FINLAND: Fewer Operations To Fix Damage From "Female Circumcision" At Public Health Clinics

Fewer operations to fix damage from "female circumcision" at public health clinics
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Finnish hospitals have been conducting surgery on women who have undergone female genital mutilation, otherwise referred to as "female circumcision", since the 1990s.
      Most of the patients have been Somali immigrants. In recent years, however, the number of procedures has declined sharply at Finnish public health facilities.
      The restorative surgery principally opens up the birth canal, which had been sewn shut.

No such operations have been performed at the Helsinki University Central Hospital (HUCS) in recent years, says head physician Jari Sjöberg.
      Head physician Maija Haukkamaa of the Department of Obstetrics and Gynaecology at HUCS says that in the 1990s a few Somali women asked local health clinics in Helsinki for restorative surgery.
      "Corrective operations were also performed before a first birth. After the birth, the vaginal opening was left open", she says.
Health nurse Batulo Essak of the AIDS Support Centre believes that restorative surgery has become more common in Finland in recent years. Essak, who moved to Finland from Somalia nearly 20 years ago, says that such operations are performed on girls and young women to ease menstrual pain, and in the early stages of pregnancy.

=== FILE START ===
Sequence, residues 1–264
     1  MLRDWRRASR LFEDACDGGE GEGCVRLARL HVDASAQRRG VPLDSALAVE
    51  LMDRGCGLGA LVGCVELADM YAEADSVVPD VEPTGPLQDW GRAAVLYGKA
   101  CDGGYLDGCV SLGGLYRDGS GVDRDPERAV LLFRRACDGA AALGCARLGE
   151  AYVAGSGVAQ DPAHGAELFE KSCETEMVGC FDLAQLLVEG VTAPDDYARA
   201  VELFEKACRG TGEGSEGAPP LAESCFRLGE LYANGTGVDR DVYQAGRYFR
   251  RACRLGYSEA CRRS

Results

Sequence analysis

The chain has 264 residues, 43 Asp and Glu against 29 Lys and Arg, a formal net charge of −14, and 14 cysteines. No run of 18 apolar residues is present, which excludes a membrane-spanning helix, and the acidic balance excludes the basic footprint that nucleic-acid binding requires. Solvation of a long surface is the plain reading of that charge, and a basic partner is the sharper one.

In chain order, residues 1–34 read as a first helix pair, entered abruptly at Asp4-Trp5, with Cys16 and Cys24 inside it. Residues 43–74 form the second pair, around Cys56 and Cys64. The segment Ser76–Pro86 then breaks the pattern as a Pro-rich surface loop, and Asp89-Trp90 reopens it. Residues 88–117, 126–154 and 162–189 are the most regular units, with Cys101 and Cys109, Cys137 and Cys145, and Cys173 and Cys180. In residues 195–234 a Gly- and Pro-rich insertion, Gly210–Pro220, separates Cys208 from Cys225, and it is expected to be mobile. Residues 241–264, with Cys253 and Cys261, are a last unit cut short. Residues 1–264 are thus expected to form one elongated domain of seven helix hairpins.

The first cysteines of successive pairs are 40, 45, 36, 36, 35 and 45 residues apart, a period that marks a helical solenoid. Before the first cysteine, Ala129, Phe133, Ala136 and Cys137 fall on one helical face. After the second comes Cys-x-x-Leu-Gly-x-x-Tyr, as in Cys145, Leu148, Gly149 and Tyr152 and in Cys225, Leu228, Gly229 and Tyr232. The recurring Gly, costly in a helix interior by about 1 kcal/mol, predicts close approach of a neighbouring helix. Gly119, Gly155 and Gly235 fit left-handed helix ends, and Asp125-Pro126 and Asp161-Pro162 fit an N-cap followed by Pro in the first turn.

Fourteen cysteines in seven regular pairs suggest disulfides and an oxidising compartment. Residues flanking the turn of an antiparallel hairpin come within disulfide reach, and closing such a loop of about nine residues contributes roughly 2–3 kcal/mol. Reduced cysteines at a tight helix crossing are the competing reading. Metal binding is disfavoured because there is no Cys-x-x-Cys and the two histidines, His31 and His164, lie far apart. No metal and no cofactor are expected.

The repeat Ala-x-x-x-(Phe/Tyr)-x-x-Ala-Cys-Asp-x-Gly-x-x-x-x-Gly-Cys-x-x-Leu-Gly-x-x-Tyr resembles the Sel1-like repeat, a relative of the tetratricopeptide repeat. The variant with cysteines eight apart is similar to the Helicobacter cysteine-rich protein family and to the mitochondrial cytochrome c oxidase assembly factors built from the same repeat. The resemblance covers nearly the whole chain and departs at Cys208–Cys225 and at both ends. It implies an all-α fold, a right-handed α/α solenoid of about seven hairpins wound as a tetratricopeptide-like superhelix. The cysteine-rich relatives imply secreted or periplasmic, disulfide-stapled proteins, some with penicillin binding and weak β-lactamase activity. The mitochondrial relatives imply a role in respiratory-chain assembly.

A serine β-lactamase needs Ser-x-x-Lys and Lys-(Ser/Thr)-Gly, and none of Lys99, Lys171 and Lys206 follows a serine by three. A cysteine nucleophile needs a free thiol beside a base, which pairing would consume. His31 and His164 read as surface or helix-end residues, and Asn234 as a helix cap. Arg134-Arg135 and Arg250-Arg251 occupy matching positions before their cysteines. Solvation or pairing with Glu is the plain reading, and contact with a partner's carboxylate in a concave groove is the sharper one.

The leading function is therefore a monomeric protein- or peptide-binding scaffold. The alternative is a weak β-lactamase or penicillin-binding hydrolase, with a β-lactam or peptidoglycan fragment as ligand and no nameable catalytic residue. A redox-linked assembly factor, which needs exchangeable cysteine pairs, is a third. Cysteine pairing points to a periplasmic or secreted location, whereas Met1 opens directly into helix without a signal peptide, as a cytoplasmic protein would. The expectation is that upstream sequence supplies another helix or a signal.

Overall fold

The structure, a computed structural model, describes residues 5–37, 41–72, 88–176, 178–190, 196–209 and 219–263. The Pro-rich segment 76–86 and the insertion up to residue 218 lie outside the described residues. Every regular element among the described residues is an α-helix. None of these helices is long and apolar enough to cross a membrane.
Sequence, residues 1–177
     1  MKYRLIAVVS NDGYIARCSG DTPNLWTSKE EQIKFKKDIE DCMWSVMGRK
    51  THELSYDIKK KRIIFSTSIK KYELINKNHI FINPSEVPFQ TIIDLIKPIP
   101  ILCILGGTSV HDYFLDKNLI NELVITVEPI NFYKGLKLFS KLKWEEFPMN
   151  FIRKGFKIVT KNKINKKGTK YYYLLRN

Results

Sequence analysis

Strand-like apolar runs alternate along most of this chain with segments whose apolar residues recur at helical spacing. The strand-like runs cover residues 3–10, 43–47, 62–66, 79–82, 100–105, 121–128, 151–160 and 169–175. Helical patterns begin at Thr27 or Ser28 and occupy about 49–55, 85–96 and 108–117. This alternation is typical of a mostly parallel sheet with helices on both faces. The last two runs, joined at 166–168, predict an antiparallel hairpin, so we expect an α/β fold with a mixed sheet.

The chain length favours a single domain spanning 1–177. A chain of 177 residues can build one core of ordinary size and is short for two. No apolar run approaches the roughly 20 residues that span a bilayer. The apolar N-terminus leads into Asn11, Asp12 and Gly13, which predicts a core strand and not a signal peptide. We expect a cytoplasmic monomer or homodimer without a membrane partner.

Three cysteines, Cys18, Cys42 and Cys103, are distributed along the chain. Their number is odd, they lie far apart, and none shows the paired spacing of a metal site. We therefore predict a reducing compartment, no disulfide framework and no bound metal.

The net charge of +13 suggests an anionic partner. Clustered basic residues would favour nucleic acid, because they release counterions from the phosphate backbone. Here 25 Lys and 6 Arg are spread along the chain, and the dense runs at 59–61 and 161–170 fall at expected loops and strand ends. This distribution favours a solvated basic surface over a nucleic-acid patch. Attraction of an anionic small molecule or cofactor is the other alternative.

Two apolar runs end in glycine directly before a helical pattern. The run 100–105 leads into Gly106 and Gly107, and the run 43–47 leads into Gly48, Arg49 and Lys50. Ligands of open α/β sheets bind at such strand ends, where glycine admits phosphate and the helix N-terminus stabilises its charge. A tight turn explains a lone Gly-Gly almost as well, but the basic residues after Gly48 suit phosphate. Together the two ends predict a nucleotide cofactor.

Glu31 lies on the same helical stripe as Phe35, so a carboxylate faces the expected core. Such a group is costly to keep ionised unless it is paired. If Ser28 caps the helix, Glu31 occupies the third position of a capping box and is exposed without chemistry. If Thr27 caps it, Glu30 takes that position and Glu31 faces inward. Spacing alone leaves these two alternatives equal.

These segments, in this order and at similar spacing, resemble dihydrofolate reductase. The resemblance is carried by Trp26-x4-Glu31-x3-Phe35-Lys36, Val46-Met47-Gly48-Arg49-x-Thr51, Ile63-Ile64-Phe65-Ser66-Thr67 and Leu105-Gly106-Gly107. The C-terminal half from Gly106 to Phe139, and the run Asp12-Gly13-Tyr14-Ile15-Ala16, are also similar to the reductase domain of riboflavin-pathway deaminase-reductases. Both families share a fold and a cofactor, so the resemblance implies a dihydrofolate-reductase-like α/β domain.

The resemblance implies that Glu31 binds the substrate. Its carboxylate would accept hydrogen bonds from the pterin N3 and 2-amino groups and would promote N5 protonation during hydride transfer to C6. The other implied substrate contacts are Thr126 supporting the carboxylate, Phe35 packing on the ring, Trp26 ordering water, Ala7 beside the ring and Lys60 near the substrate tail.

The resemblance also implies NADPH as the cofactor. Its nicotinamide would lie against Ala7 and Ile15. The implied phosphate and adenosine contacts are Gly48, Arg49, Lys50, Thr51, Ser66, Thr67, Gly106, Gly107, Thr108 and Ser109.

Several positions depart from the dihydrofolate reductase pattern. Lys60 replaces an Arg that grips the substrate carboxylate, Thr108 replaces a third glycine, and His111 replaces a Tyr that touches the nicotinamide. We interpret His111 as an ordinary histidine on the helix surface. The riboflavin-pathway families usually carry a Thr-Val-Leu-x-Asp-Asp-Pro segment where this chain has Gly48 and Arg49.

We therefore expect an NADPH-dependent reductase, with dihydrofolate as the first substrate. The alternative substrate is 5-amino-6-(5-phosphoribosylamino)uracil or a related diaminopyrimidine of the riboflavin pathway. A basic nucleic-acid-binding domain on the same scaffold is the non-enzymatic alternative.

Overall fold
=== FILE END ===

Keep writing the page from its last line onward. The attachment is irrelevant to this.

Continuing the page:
Essak's views are echoed by project expert, special nurse Saido Mohamed of the Finnish League for Human Rights.
      "Increasing numbers of women want a corrective operation before getting married."
Mohamed and Essak feel that the popularity of the surgery is an indication of adapting to Finnish culture.
      They say that such operations are largely performed at private clinics, because the wait is long on the public side.
Female genital mutilation is seen as aggravated assault under Finnish legislation. No cases have been prosecuted, and experts do not believe that such procedures are taking place even in homes.
      "It is known that even small girls might be taken to their home countries to be operated on", says Heikki Pälve, executive director of the Finnish Medical Association.
      In June, Norway began to clamp down on foreign travel in cases in which there was cause to suspect that the aim of the trip was to have a girl "circumcised".
Because of doctor-patient confidentiality, doctors are allowed to tell police only about their suspicion of the most serious crimes.
      One medical researcher, Mulki Mölsä of the University of Helsinki, says that fewer immigrants feel that circumcision is necessary. Mölsä has studied attitudes from the early 1990s, and the newest and hitherto unpublished study is from this year.
      "Their view is that religion does not require an operation, and that Finnish law does not allow it", Mölsä says.
According to Ugaso Jama Guleid, a Somali midwife attending an international conference on female genital mutilation that begins in Helsinki today, as many as 98% of girls in Somalia are circumcised even now.
      The midwife, who is an outspoken opponent of the practice, nevertheless said that she was not aware of cases in which girls returned home, for instance from the Nordic region, for the express purpose of having the operation.

SOURCE: Helsingin Sanomat

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DATE: 08/09/2007

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